Web Site of Robert John Morton
Sustainable Energy: Introduction
Energy for our homes is currently provided by the polluting fuels which profiteering corporations commandeer from our common inheritance to sell back to us in return for our labour. Switching to immediate and sustainable energy will preserve the planet for our children and help win our freedom from corporate slavery.
Energy Needs of The Home
We measure energy in joules. It is the same unit for heat energy as for electrical energy as for mechanical energy as for any form of energy. A joule is a watt-second. There are 3,600 watt-seconds in a watt-hour, and 3,600,000 watt-seconds (3.6 megajoules) in a kilowatt-hour.
- My household consumes energy in two forms:
- eh = thermal energy for space heating and hot water
- ee = electrical energy for lighting and electrical devices
My first task in this personal project is to monitor how much thermal and electrical energy my family actually uses in our suburban home; in other words, to find out our energy needs.
Our domestic energy is currently provided by the national gas and electricity grids from the street. My quest is to see how this energy could be provided directly and sustainable from nature independently of any utility.
Systems like anchored floats to extract energy from ocean waves are not practical for small scale use. Not everybody lives near the ocean. Hydropower - a water wheel or turbine in a fast flowing stream driving an alternator - is also not much use to the majority of people who do not have a mountain stream flowing through their back yards. Electrolytic methods - making damp ground act like a battery cell - give only a very low yield and only work where the ground is damp and acidic. Geothermal energy - natural warmth from below ground - is universally available but involves the cost, practicality and legality of drilling a deep hole in the ground. Small-scale fuel cells are being developed but are currently still way too expensive for household use and would have to be designed for sustainable fuels.
Although wind power is simple and practical, many people find wind fans irritating and unsightly. Consequently, planning permission is difficult to obtain for wind generators of a size capable of providing enough electricity for a household. However, one small wind generator capable of delivering a maximum of about 250 watts can often be erected without planning permission. This may be useful to supplement solar arrays in the depth of winter. There is however another far less obtrusive way for implementing a wind generator.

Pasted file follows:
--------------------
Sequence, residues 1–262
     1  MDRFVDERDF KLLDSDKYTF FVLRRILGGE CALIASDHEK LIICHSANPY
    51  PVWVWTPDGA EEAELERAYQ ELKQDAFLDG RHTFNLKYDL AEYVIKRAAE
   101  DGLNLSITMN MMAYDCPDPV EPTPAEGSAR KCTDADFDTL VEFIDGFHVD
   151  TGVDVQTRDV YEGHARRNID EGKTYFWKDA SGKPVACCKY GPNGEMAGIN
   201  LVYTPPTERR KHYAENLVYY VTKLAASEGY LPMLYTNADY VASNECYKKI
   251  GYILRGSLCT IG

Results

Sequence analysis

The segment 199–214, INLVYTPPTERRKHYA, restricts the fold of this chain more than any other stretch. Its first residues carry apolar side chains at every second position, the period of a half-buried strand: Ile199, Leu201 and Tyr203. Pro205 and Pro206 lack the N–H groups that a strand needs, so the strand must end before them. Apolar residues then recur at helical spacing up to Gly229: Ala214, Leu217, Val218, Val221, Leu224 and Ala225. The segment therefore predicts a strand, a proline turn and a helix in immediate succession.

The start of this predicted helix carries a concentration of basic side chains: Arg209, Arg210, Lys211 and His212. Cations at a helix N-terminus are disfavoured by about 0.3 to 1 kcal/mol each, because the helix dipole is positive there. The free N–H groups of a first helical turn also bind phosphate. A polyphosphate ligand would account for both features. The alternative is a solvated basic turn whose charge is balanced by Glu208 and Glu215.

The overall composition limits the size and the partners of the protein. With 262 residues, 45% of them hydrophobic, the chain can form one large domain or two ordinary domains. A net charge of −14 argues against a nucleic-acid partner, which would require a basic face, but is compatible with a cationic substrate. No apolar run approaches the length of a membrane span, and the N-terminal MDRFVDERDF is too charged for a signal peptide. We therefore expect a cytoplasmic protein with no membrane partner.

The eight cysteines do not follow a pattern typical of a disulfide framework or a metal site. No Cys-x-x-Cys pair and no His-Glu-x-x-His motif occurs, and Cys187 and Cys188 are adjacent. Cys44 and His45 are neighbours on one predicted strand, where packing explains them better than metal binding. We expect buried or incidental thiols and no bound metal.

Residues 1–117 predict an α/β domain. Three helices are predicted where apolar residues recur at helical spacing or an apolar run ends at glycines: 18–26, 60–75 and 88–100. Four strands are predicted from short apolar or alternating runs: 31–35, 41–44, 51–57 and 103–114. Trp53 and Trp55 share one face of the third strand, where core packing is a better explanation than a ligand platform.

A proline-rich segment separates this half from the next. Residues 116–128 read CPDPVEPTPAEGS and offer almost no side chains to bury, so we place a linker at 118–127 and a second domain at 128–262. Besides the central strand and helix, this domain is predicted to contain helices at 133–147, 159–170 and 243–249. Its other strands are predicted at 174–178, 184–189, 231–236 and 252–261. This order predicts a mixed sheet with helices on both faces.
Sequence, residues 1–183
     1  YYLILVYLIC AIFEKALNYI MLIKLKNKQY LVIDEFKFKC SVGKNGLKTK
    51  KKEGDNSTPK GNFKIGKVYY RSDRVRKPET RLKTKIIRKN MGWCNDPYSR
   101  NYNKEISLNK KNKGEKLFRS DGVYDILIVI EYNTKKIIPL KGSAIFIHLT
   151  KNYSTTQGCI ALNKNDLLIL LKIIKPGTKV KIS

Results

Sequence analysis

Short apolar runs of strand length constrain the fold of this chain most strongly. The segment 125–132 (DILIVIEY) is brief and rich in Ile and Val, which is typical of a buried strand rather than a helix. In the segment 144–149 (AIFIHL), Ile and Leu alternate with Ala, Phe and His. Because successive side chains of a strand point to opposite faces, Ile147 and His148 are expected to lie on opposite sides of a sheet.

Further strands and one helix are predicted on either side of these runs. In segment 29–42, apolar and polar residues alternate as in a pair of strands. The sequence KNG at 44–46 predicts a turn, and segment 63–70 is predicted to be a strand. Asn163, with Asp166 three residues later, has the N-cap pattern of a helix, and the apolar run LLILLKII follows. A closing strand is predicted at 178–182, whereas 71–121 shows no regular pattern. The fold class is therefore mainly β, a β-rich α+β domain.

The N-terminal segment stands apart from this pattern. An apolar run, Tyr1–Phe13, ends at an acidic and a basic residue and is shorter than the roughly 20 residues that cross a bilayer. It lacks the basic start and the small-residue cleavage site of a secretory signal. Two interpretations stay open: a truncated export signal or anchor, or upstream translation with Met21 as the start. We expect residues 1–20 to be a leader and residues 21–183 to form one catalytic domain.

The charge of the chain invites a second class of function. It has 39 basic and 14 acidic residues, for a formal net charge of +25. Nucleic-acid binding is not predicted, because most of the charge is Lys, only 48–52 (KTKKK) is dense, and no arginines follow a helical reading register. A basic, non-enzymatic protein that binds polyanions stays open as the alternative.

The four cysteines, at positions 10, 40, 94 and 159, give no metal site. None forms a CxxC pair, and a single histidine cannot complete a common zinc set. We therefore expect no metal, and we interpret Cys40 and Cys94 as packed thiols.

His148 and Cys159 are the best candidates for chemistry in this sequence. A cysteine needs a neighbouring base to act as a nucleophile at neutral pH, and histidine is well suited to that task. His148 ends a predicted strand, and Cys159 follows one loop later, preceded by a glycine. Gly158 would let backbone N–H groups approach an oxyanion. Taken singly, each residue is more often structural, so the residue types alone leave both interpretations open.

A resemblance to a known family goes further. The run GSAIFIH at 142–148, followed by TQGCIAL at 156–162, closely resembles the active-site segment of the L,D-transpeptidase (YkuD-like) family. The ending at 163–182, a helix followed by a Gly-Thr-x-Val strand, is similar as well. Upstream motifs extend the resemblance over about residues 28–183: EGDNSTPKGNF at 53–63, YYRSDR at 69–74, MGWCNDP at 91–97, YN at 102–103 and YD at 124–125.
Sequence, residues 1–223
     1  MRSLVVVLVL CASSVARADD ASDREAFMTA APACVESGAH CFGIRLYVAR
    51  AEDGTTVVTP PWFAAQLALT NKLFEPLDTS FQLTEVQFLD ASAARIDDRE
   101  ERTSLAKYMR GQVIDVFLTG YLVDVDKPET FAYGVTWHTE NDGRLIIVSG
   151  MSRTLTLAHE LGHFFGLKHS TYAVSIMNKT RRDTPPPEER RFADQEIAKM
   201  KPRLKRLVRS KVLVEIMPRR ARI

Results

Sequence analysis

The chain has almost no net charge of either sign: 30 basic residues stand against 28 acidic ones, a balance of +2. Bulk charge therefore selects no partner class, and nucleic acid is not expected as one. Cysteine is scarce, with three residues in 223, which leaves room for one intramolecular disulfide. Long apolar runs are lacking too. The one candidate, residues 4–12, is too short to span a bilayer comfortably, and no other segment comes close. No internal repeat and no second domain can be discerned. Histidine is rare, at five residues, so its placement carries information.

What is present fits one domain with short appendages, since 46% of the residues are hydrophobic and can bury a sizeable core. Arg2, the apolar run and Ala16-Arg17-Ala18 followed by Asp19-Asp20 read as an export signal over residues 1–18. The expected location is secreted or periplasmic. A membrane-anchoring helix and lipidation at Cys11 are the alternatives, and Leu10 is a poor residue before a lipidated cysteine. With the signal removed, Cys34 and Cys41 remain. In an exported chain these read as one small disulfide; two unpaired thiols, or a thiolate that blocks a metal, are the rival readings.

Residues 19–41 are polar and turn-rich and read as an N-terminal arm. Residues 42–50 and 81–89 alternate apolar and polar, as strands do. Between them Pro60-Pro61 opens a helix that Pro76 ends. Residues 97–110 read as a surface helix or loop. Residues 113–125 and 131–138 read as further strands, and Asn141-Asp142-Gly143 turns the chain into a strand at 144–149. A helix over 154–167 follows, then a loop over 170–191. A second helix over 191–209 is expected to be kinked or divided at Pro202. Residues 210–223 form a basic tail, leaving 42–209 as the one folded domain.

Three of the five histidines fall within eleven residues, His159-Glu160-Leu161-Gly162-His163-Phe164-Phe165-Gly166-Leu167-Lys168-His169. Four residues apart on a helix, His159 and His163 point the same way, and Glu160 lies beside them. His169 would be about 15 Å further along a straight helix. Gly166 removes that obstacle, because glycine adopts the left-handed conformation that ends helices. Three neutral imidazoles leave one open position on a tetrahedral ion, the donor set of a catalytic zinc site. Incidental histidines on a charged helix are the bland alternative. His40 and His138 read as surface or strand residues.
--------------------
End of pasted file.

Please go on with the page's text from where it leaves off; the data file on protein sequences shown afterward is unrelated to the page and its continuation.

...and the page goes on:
This leaves only the following sustainable sources of energy which are both universal and practical for household use:
- solar thermal - using the sun's heat to warm water
- photovoltaic - cells which turn light into electricity
- wood - fuel logs from a sustainable tree plantation
- biomass - wood, vegetable oils and other plant material
There are of course other sources which are currently still at the stage of scientific speculation. These are based on exotic phenomena like cold fusion and the zero-point energy which is thought to be woven in to the universal fabric of space-time.
Systems which convert these sources of energy into electricity usually also produce heat as a by-product. Since we need heat also, it is well to make use of this heat to warm the house or provide hot water. The process of making use of otherwise wasted heat in the generation of electricity is called co-generation. So far I have considered only the following co-generation systems:
- solar co-generation by water cooled photovoltaic arrays
- wood co-generation by log fire + dust fired heat engine
I have also provided an interactive table for calculating the size of backup battery needed to compensate for fluctuations in electrical supply and demand.
My attempt at integrating these into a practical co-generating system is shown below. The little wind generator is an after thought which, it is hoped, will tend to compensate for the reduced performance of the PV array on overcast days and in winter.
The PV array is water-cooled in winter by a low-temperature home heating system, which is switched to a cooling pond in summer. Keeping it cool makes the PV array more efficient and co-generates heat for keeping the house warm in winter. A low-temperature home heating system provides a more efficient heat sink for the Stirling engine and the PV array. A low temperature central heating system uses much larger radiators operating at only 40 to 45°C. These radiators would normally be implemented as integral sections of wall.
My PV array does not generate quite enough electricity in the depth of winter, yet generates far more than is needed during the summer. This summer excess cannot be stored for winter use. A battery of sufficient size would be way beyond practicality. Nevertheless, this large summer excess of electricity can be put to good use in the cutting of wood for winter. There is also plenty for powering static farm machinery at the time it needs to be used most.
© January 2001 - Robert John Morton
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